The project is funded by a $10-million grant from the National Science Foundation, and the government's 16-day shutdown began at a critical time for antarctic research, when shipments of equipment and food are sent in preparation for the continent's short summer research season. The shipments, which typically occur three times a week, were canceled during the shutdown, and now there is a logistical "bottleneck" that makes it impossible to get all the gear and people there in time, Powell said.
2) Sobering. A report by the Center for International Media Assistance (which receives U.S. government funding via the National Endowment for Democracy) on the ways that Chinese government restrictions on its own domestic media have spilled over to international news organizations.
3) Ditto. Check out the most recent China Files conversation, plus other items like this, on the recurrent signs of what I've long argued is China's major challenge to itself and the world: pollution in all its forms.
4) Meanwhile, on America's own problems. See this story on the latest little illustration of self-inflicted damage via the American security state. It involves one more U.S. tech company whose business has been compromised by concerns about NSA abuse.
5) The promised cheering note. I've mentioned many times that the Mac-only program Tinderbox is one of several "idea organizer" programs I have used and been fascinated by, like the DOS-only Lotus Agenda and the Windows-only Zoot. The creator of Tinderbox, Mark Bernstein, has launched a creative approach to funding the program's next iteration. You can read about it (and sign up) here. Essentially it's a request that beta-testers pay for "backstage passes" that allow them to participate in the program's evolution.
6) Speaking of massive beta tests. If you're one of the many who downloaded Apple's new Mavericks operating system today, thanks! There has never, ever been a major software update whose first version was free of significant bugs. So by putting this program into use right now, you're speeding the discovery of the bugs, their correction, and the release of the more stable and usable follow-up version. The computing public is grateful for your service.
A reader sends this screen shot from his news stream this morning:
(Before you ask: Yes, this reader must be based on the West Coast, because the jobs figures would still have been under embargo as of 6:46am Eastern time.)
By John Tierney
If you’ve been attentive to the growing series of posts here under the banner of the American Futures project, you know that Deb and Jim Fallows have been examining small, resilient American cities that are home to intriguing innovations and entrepreneurship. A few days ago, as part of the project’s recent focus on Burlington, Vermont, I took a look at two of the three great colleges there. Now let’s look in on the third, Champlain College. You’ll see why this one fits the project’s ongoing “American ingenuity” theme.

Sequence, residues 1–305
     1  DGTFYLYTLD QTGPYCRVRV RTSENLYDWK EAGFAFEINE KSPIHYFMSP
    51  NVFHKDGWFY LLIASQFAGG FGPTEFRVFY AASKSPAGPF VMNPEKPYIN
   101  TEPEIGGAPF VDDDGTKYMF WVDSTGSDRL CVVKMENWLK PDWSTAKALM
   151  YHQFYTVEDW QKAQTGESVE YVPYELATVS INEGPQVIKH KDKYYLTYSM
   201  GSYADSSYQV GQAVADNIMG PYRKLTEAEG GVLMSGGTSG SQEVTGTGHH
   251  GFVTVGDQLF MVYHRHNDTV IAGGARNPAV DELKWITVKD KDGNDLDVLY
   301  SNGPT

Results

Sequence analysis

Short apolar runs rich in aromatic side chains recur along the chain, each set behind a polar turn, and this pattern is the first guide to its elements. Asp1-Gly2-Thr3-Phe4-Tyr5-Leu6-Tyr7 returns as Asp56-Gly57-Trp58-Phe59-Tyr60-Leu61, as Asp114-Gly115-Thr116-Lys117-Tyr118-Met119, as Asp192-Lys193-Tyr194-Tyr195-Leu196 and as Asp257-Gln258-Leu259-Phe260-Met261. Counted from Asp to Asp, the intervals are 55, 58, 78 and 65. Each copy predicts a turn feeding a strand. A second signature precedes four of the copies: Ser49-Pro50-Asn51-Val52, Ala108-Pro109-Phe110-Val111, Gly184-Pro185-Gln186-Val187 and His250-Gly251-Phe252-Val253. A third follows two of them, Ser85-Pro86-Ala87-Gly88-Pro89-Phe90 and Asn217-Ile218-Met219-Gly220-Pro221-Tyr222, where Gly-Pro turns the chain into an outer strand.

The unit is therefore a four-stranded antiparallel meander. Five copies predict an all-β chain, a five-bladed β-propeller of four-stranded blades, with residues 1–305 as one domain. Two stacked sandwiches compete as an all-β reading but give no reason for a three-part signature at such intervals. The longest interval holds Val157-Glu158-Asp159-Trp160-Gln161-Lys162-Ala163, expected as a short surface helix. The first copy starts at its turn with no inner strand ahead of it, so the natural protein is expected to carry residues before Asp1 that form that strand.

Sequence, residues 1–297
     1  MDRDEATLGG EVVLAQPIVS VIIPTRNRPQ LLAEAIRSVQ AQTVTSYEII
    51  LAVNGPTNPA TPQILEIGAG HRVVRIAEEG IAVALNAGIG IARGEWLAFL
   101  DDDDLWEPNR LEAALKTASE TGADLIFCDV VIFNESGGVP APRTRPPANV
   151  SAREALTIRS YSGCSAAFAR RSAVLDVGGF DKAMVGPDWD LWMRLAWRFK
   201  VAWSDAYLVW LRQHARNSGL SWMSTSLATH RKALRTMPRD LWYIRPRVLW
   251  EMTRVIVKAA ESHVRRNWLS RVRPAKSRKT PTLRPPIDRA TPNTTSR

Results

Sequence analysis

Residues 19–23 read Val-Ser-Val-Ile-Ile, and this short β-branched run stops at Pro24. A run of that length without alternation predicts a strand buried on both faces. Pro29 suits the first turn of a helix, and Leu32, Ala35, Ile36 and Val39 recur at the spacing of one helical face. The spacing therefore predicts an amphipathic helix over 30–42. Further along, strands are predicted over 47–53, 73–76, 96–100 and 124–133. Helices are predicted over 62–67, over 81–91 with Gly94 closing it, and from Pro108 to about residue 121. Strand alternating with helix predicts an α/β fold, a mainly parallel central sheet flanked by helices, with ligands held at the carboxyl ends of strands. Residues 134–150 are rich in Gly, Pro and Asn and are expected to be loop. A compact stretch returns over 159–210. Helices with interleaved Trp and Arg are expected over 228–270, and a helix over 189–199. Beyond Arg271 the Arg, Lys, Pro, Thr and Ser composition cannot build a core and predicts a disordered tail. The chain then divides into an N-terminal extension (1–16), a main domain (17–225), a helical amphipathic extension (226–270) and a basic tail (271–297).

If you could design your ideal college from scratch, what would it look like? Mine would look something like the following. Students would acquire training that makes them immediately employable. They’d take courses in the liberal arts that would sharpen their skills in writing, analysis, and reasoning. And they’d graduate with some real-life knowledge, such as how to interview for a job. There’d be no tenure for faculty, but instructors would be made to feel they’re valued members of the enterprise. And administrators would constantly ask themselves “how can we prepare students for what the world needs of them?”
While you’re busy designing your version of the ideal, I can take a nap or go fishing, because somebody has already built mine: Champlain College. It is doing everything I’ve described and, in the process, is gaining the attention of the higher-ed world. The words I’ve heard used to describe Champlain include innovative, nimble, adaptable. A professor from nearby St. Michael’s College told me, with unabashed admiration, “Champlain is always asking itself What works?”
Founded in 1878 and long known as the Burlington Business College, Champlain assumed its current name in 1958, when it had only 60 students in various associate’s degree programs. Starting bachelor’s degree programs in 1991, the college now enrolls 2000 undergraduates – an enrollment cap it committed to several years ago in an agreement with the student-rich city of Burlington. When it launched its bachelor’s programs, this college long known for training secretaries and accountants, began to reinvent itself, earning respect for its enterprising spirit.
The dominant ethos of Champlain – that “what works?” mentality – intensified when David Finney arrived from NYU in 2005 to become president. Finney quickly instituted what he calls a “three-dimensional education” program, an undergraduate curriculum consisting of interdisciplinary liberal-arts courses, a life-skills program, and training for a career.